No less attention was paid to the technology behind the scenes. Projectors are NEC NC1202L with a Dolby IMS3000, suspended from hush boxes in the ceiling. Processors were QSC DCP 300 with one MAG AOH-6800 Amplifier for each screen and MAG Audio speakers/subwoofers. Screens are Harkness and TMS by UniqueX. Claire & Co. had 11 weeks after taking over the shell of the building, with Sound Solutions doing the kit-out. "When you build a cinema, there are so many companies involved in the fit out at the end and it is crucial that they all gel. It's a small part of the industry, and you want a team that work well together,” Claire reflects. “I had a very positive experience with all of my fit out specialists in the first cinema and was keen to 'get the band back together', so to speak. Jordan [Bedding] and I had previously worked together at Curzon many years ago, and so it really was a no-brainer for me to pick up the phone to Cinema Next once again". 

DCM supplies the cinema advertising, and the cinema will get Movie Transit later this year, which is already in place in Liphook. Rosie Mulford, the attentive Marketing and Membership Executive at LRC, also highlights the good relationship with POS and ticketing partner Admit One. “We have fast become one of their favourite clients,” Rosie says. “Demanding, sure, but we helped them develop their product. At first, we were the annoying women, but now we are not so much the problem child. They have developed new bits to have for us.” The staff are friendly and efficient in getting the right order to patrons in both the lobby and the auditoriums.  

Loungers in Screen 1 of The Living Room Cinema in Chipping Norton

Local Coffee, JC IPA, and Rose by the Bottle 

As with all boutique cinemas there is a big focus on F&B and given the ‘competition’ on the High Street, there is an understandable need to excel in what it must serve up for all the senses of the patrons. It is also here that the community engagement starts to shine through, not least as the cinema has rapidly become a destination, not just for films but also for those who just want a good cappuccino.  

“Coffee trade is growing,” Claire acknowledges. “We are working with Stow Town Coffee, a local coffee supplier that roasts and grinds its own coffee, run by a husband-and-wife team.” This is just one example of the local business community engagement. “We work with local suppliers whenever we can,” says Claire.” Yes, we have Jimmy’s Popcorn, but we try to support local.” This includes a famous local celeb.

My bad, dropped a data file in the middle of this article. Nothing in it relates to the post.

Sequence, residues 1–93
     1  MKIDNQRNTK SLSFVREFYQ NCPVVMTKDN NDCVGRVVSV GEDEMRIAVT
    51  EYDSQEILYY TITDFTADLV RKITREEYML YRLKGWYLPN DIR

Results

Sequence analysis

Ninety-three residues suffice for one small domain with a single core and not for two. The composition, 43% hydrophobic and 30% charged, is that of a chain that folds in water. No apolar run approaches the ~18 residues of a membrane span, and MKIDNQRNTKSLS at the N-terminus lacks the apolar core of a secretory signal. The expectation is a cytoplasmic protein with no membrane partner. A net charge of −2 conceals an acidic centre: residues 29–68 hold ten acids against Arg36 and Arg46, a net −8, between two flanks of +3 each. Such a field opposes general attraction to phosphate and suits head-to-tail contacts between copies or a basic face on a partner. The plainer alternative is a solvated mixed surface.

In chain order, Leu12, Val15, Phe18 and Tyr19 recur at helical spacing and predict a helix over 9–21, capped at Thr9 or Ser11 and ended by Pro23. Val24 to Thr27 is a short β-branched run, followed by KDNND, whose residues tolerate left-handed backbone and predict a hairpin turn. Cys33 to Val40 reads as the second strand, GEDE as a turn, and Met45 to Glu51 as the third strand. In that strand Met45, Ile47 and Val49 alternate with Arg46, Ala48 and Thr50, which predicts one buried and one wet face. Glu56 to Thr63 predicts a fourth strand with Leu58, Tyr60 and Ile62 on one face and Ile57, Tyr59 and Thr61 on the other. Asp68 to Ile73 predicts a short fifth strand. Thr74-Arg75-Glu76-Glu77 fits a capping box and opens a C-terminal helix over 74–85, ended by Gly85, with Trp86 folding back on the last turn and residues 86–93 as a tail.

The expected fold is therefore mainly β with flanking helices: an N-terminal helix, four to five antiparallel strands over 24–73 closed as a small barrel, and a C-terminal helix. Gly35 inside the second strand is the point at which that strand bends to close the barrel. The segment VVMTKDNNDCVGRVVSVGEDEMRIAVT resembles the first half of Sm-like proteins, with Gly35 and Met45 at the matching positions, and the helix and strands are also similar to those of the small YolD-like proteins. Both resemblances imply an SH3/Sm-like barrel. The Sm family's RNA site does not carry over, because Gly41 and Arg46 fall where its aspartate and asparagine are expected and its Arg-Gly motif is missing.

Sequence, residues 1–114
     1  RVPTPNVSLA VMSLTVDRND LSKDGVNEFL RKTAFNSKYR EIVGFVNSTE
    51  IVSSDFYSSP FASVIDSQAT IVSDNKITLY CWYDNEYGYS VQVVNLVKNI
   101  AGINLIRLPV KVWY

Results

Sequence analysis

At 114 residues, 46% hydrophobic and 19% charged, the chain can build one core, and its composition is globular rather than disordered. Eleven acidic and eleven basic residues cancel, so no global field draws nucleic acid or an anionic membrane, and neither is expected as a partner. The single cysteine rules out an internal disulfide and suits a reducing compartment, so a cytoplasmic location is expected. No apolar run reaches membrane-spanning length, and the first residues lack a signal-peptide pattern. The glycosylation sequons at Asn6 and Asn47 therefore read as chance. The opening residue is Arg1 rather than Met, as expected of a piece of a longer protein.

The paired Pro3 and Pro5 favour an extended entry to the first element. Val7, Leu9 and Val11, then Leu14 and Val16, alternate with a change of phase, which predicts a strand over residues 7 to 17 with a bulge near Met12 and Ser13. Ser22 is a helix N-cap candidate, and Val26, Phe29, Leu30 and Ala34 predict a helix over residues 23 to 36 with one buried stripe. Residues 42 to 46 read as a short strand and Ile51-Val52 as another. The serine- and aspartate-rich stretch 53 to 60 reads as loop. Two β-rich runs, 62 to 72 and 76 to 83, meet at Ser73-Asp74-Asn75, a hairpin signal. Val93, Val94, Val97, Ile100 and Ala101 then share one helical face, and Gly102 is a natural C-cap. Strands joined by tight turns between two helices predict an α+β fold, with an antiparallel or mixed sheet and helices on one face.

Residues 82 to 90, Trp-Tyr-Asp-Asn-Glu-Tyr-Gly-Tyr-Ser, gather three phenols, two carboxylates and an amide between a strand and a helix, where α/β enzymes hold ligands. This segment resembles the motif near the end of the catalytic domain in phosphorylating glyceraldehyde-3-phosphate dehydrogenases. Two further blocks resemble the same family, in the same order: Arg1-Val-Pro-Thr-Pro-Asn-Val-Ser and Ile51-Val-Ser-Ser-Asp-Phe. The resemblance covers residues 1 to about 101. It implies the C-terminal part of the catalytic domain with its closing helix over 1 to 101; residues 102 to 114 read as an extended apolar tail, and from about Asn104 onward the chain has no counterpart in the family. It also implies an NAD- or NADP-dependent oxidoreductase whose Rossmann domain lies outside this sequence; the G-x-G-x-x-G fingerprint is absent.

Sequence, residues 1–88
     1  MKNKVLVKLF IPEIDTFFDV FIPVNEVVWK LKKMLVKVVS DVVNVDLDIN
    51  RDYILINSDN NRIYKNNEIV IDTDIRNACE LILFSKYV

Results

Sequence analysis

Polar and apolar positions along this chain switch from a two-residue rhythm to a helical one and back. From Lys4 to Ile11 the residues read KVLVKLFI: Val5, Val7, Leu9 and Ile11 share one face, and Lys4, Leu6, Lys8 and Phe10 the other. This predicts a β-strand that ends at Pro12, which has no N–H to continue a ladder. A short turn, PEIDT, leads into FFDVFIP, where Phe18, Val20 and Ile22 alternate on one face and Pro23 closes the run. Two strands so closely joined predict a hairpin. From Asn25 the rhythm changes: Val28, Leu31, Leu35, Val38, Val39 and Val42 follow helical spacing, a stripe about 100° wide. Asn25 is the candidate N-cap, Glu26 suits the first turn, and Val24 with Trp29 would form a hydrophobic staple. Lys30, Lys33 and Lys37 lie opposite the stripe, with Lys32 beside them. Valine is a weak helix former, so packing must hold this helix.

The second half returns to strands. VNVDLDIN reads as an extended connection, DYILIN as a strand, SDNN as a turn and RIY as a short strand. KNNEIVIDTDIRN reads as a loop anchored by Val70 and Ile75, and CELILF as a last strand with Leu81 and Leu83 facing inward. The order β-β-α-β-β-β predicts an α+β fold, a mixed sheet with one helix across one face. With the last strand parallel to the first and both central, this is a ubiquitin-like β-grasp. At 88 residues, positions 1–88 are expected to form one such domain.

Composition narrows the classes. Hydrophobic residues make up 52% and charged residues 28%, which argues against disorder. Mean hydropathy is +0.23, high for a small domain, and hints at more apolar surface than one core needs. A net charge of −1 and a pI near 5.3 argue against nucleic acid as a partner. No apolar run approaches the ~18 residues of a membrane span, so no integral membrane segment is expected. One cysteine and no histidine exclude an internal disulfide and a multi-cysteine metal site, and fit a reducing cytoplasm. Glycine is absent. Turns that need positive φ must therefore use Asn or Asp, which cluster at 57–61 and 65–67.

Selling as well as coffee is the Hawkstone IPA beer and cider, from the farm of local petrol-head-turned-farmer Jeremy Clarkson. LRC also designs its own cocktails, such as the Chippy & The City (aka Cosmopolitan), as well as popular classics such as Espresso Martinis and Old Fashioned. There are movie-themed cocktails, such as "Top Gun: Maverick’s" ‘Maverick’ and ‘Iceman,’ the latter proving so popular it stayed on the menu even after the film. For Halloween there was a red "Rocky Horror Picture Show" cocktail. There was a popular Barbitini and Pink Pina Colada, as well as pink Mocktails for teenage Barbie fans. Claire reveals that the cinema sold more bottles than glasses of rosé wine for this summer’s big hit, but as far as film-and-food pairings, she was not a fan herself of last summer’s Elvis hotdog. But pizzas are planned for when the LRC Chipping Norton expands its food offerings. 

Screen 1 of The Living Room Cinema Chipping Norton

Community, community, community 

In a sign of how quickly LRC put itself on the Chipping Norton map, some local pubs already offer pre-theatre/cinema menus. Far from seeing this as F&B competition, Claire says “we want to work with them.” Claire & Co. could have taken the easy route of leaning into the ‘Chipping Norton set’ of celebrities. But “that’s not who we are,” Claire affirms.